Four Years Later

Seeing the devastating impact of the January 12, 2010 earthquake up close and personal is something I will never forget. As I woke up this morning and began reflecting on the events that happened four years ago today, one of the many things I thought about was this blog. Much like my original journey to Haiti, Se Lavi began out of a tragic event. But it evolved into so much more. It became a place for me to share with others the joy, beauty and magic of Haiti, alongside the challenges and devastating realities of living in a developing country.

As I often say, I’ve received more from Haiti than I’ve given. It’s the reason I feel obligated in a sense to be an “ambassador” for the country. I jump at the chance to talk about my experiences with people who’ve seen first-hand what Haiti is like, as well as those whose only knowledge is what they’ve seen on television or via social media. I want people to remember Haiti not just once a year on the anniversary of the earthquake, but year round.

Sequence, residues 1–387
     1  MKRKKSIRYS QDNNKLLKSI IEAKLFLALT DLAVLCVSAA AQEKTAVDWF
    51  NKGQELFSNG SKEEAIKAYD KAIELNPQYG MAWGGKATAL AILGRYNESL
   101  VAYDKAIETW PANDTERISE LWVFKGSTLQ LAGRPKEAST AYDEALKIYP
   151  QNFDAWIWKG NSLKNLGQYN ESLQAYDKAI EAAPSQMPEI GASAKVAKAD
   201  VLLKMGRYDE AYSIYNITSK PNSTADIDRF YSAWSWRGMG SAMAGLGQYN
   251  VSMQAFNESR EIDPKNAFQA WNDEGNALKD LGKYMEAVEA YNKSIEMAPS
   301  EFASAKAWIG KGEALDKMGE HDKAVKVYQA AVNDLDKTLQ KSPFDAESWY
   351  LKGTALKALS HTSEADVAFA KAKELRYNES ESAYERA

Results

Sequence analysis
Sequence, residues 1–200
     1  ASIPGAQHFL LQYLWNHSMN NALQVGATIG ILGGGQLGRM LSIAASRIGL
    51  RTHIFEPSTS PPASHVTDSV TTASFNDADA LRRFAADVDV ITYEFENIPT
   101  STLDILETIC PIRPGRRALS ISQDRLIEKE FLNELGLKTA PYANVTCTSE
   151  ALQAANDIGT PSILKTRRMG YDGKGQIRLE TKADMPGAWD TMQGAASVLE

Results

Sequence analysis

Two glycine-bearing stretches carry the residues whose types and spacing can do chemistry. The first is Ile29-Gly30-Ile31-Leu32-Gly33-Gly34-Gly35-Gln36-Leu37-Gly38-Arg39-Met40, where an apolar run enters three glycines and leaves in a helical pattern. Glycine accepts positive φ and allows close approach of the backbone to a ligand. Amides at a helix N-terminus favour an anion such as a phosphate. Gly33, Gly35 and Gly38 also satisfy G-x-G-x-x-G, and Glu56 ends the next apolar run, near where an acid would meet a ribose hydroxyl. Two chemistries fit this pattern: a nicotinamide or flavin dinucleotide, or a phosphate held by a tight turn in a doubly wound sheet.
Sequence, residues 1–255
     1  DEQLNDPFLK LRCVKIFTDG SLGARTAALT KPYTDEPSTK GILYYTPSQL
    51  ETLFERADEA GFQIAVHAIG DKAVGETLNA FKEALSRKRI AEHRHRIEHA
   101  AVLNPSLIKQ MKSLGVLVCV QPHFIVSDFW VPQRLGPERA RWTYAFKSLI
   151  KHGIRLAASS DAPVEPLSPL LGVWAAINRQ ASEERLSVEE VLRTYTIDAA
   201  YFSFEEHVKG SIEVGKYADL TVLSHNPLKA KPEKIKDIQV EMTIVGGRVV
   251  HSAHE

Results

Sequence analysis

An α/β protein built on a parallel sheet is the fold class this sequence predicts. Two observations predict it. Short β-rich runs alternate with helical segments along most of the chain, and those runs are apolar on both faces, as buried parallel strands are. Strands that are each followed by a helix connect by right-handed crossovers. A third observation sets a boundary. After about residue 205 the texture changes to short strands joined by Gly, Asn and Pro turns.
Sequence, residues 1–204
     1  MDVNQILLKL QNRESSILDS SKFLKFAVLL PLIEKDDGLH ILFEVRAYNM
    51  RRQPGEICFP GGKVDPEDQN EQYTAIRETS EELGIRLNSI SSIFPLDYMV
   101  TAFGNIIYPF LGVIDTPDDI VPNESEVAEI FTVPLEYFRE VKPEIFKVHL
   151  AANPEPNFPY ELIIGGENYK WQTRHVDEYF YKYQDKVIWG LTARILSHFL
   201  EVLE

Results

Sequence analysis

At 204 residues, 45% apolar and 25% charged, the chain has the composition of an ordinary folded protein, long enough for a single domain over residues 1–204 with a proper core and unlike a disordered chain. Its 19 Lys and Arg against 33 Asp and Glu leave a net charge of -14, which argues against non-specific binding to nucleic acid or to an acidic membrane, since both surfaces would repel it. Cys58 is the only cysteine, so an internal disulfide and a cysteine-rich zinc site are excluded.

And so, I’m re-launching this blog. Though I’ve been back in the United States for about 18 months, Haiti remains a significant part of my day-to-day life. I still have a lot to say and a lot to share about navigating the ups and downs of life. Stay tuned.

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This entry was posted in Life in the United States and tagged by Christa. Bookmark the permalink.

About Christa

I am a St. Louis, Missouri native who spent two years living and working in Haiti. I traveled to Haiti for the first time on 2 March 2010 to help with earthquake relief efforts. I instantly fell in love with the country and its people. I spent nearly a year volunteering in Leogane, the epicenter of the earthquake, and another year in Port-au-Prince working for one of the largest international development organizations in the world. Now, I'm back in the United States but continue to remain connected to Haiti. I hope that by sharing my stories and experiences, I can help you understand the complexities of international aid and development, as well as show you a side of Haiti you may not see on television.

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